The Interior Ministry's planning director was initially opposed to a compromise over the West Bank outpost of Migron, but changed her mind due to government pressure, documents presented to the High Court of Justice on Wednesday show.

The documents show that planning director Binat Schwartz, whose job includes advising the government on planning issues, initially objected to the idea of relocating Migron to a site a few kilometers away, but approved the plan about a week later.

Though the Interior Ministry's planning administration is not authorized to deal with planning and construction in the territories, Schwartz was apparently brought in to get around the head of planning at the Civil Administration, Shlomo Moskowitz, who opposes the compromise for planning reasons.

The court had ordered Migron demolished because it was built on privately-owned Palestinian land. The relocation is meant to solve this problem without demolishing the outpost entirely.

On Thursday, the court is to hear the state's request to postpone the demolition for three and a half years to allow the settlers to rebuild their homes on Hayekev Hill, which will then become part of the settlement of Kochav Yaakov. The state gave the court Schwartz's opinion approving the compromise to support its stand.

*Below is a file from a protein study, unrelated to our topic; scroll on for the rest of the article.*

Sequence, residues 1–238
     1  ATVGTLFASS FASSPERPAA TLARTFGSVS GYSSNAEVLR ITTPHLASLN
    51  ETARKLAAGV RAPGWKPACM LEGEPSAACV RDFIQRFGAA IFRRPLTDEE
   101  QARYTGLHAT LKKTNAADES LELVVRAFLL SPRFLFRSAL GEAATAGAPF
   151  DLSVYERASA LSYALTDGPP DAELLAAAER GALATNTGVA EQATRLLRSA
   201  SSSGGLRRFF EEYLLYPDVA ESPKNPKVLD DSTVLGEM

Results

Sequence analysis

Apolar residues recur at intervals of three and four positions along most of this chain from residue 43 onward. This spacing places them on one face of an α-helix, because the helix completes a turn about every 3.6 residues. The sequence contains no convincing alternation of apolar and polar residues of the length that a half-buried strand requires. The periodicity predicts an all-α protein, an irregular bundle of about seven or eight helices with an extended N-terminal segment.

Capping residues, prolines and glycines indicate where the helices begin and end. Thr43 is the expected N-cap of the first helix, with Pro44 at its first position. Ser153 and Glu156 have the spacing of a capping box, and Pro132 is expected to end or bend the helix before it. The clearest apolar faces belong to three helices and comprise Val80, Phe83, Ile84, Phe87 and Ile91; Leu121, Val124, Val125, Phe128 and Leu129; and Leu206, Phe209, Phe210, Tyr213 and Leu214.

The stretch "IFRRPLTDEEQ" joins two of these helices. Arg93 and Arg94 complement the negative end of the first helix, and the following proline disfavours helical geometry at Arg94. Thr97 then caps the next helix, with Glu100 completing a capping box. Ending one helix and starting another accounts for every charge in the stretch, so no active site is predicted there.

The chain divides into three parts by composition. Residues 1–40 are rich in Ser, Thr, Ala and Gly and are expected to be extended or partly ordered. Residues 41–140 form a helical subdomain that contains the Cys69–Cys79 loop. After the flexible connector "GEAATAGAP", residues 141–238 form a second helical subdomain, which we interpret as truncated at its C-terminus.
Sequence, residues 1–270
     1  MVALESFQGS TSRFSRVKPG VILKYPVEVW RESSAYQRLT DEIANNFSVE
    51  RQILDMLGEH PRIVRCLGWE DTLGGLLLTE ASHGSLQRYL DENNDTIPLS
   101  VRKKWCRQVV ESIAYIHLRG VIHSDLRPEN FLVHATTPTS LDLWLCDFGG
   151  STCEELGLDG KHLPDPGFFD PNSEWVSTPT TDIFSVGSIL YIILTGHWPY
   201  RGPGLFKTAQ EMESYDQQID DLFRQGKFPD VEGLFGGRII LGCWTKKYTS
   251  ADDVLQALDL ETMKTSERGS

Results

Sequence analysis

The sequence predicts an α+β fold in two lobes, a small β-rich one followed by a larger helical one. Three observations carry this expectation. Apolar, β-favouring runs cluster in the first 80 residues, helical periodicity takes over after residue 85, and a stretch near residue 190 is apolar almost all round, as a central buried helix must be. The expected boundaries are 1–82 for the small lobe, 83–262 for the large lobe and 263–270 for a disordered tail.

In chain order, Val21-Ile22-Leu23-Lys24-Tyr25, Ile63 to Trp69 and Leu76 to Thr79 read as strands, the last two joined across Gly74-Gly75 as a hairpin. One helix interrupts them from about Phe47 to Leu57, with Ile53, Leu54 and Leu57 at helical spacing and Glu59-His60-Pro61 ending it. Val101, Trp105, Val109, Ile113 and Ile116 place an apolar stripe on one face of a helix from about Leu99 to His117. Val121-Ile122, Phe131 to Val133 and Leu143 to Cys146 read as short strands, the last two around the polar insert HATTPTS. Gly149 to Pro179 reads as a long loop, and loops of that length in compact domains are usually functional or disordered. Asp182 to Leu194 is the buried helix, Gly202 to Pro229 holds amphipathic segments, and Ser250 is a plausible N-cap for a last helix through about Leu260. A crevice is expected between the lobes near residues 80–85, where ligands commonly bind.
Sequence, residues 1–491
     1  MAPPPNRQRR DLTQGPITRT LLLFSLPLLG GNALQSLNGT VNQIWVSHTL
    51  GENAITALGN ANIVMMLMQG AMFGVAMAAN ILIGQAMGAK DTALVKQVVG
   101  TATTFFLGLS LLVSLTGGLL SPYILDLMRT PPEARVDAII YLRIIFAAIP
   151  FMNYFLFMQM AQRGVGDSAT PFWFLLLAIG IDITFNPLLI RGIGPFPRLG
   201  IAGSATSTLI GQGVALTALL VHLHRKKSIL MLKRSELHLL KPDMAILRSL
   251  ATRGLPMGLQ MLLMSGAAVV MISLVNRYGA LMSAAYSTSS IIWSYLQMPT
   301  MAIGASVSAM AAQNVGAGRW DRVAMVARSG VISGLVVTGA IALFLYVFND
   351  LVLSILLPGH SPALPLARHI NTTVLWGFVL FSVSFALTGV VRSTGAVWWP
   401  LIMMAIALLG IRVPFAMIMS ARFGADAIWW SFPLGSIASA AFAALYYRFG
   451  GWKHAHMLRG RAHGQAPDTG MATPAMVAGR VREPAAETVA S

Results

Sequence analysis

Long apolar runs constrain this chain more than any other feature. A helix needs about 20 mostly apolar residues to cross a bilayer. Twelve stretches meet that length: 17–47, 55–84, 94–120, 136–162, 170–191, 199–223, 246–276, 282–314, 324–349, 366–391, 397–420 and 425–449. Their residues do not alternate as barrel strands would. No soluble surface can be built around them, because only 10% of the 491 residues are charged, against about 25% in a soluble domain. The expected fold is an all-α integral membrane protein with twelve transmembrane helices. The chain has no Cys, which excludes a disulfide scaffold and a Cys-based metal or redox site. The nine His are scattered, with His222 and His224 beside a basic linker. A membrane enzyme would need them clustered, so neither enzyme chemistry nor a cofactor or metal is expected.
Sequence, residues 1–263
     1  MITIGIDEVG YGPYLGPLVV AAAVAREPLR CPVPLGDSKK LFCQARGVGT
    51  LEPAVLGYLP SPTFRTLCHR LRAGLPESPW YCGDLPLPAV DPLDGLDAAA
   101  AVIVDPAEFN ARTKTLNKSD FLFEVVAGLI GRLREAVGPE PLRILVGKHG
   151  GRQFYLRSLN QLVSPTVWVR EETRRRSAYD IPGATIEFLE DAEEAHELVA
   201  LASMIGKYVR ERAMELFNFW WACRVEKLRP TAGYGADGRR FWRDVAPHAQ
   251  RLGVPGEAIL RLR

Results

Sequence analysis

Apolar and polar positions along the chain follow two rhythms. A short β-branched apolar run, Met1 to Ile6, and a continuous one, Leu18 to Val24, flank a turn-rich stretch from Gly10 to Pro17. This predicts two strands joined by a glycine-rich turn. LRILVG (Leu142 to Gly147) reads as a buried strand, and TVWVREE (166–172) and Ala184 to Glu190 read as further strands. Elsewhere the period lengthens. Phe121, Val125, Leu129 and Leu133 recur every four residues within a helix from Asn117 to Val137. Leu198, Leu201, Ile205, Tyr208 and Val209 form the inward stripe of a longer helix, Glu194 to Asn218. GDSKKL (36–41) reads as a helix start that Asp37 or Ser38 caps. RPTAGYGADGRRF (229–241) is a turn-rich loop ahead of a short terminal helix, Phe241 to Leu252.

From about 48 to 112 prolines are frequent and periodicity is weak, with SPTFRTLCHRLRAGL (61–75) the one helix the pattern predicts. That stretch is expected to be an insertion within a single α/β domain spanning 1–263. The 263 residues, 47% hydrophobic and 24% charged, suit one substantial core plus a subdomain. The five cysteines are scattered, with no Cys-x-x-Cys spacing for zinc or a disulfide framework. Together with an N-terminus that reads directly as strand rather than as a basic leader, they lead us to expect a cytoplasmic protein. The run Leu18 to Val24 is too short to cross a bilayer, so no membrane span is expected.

But even if the court is willing to entertain the compromise, the state must still convince the justices that it can be implemented.

On February 8, Moskowitz wrote the head of the Civil Administration, Motti Almoz, and said that in discussions with three other officials - Schwartz, the chief architect of the Housing and Construction Ministry, Carlos Greenberg, and the chief architect of the ministry's Jerusalem district, Alon Bernhard - all had agreed that the site for the new outpost "lacked planning feasibility."

But on February 15, Schwartz wrote Moskowitz that Hayekev Hill was feasible, "though it is inferior to the Adam compromise," referring to a 2008 plan to move Migron's residents to the settlement of Adam. The residents rejected that idea.

In internal correspondence with the state prosecution, Schwartz explained that she was originally shown information supporting Moskowitz's stand, but was then informed by the Interior Ministry's director general that the government wanted to study the possibility of moving the Migron settlers to Hayekev Hill so an agreement could be reached. She therefore decided to look more deeply at the issue.

"I studied the government's proposal in depth, and I found planning data that had not been mentioned in my first discussion with the West Bank planners," Schartz said in a statement to Haaretz on Wednesday. After receiving this information, she said, her expert opinion was that the solution was reasonable and could be implemented.